Charles A. Dice Center Working Paper No. 2020-21
75 Pages Posted: 4 Sep 2020
Date Written: June 27, 2018
Recent complex financial products sold to households contradict the basic premise of canonical innovation theories: financial innovation benefits its adopters. In my 2006–2015 sample of over 28,000 yield enhancement products (YEP) the securities offer attractive yields but negative returns. The products lose money both ex ante and ex post due to their embedded fees: on average, YEPs charge 6–7% in annual fees and subsequently lose 6–7% relative to risk-adjusted benchmarks. Simple and cheap combinations of listed options often first-order dominate YEPs. Competition, disclosure, or learning do not eliminate this inferior financial innovation over my sample period.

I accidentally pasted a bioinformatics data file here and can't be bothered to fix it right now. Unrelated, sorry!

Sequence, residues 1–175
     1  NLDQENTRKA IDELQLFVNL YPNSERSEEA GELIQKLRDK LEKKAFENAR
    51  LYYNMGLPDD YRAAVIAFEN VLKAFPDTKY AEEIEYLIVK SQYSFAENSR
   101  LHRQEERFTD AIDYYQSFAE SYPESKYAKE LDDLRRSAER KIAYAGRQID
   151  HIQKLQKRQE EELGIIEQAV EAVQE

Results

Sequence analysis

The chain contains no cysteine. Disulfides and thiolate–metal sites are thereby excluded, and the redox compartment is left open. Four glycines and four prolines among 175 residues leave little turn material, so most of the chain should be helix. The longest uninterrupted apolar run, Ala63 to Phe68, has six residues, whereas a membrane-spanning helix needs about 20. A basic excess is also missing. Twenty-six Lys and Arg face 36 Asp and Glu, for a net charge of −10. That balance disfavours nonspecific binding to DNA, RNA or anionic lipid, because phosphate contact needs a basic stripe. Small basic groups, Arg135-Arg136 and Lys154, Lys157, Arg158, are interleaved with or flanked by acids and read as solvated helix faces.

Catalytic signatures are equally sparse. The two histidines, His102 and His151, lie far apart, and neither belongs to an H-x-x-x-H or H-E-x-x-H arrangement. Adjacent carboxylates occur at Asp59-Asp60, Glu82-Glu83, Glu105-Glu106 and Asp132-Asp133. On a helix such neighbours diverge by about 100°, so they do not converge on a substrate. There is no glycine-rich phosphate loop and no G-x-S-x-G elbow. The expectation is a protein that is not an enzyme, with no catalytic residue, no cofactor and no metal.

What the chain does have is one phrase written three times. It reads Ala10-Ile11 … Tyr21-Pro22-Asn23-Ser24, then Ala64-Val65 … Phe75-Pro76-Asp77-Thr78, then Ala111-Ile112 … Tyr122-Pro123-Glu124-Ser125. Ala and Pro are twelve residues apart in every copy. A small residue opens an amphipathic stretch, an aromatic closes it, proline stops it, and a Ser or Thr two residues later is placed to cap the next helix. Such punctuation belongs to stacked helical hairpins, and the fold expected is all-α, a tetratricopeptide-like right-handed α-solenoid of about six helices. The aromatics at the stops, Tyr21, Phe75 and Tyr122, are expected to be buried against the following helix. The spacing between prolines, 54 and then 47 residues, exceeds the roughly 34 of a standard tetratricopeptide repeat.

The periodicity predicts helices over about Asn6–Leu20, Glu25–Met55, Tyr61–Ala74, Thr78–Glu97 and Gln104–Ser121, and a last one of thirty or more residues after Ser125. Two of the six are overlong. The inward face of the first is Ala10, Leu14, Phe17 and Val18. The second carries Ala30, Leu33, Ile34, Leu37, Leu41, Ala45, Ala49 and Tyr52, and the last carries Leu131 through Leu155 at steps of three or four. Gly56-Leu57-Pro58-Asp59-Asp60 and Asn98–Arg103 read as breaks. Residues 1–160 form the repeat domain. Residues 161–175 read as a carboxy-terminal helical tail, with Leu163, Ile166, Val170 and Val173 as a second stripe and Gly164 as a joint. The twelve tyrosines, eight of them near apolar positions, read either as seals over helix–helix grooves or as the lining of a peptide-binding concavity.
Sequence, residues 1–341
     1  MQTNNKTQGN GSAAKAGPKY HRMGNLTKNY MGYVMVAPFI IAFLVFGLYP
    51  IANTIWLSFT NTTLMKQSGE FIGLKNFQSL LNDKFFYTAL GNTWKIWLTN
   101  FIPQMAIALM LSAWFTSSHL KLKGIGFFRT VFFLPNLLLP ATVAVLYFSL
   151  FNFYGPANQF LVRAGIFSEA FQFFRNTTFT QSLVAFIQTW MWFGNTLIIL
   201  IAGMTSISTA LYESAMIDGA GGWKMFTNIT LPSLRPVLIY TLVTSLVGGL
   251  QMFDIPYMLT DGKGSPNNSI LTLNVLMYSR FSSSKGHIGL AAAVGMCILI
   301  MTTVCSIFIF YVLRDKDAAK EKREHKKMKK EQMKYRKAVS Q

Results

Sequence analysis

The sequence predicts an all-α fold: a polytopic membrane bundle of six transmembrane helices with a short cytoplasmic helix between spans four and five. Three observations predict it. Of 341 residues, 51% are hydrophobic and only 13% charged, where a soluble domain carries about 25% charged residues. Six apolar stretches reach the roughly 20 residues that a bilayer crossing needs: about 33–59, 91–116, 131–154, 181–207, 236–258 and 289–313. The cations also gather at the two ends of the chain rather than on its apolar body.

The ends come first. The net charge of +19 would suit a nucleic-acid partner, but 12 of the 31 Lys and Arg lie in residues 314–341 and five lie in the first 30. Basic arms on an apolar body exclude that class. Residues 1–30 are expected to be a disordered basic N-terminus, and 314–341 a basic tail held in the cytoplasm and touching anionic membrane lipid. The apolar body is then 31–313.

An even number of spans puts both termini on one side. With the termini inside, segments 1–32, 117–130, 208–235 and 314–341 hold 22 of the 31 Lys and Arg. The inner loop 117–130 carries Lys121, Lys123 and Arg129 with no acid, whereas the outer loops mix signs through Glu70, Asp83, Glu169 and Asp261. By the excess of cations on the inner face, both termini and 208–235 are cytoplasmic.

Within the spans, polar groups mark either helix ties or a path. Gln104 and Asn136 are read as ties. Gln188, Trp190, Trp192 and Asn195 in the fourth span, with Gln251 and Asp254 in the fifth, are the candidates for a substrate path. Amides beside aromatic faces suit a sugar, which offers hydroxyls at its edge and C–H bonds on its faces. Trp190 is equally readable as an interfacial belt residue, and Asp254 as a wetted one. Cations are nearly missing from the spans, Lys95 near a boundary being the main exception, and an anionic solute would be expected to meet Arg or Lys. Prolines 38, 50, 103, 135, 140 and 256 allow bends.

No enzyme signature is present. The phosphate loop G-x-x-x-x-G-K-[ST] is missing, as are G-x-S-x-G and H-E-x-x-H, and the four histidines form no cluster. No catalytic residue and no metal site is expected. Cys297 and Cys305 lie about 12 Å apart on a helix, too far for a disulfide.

Keywords: Household finance; financial innovation; hidden costs; complexity; structured products
JEL Classification: G4, G13, G14, G18
Suggested Citation: Suggested Citation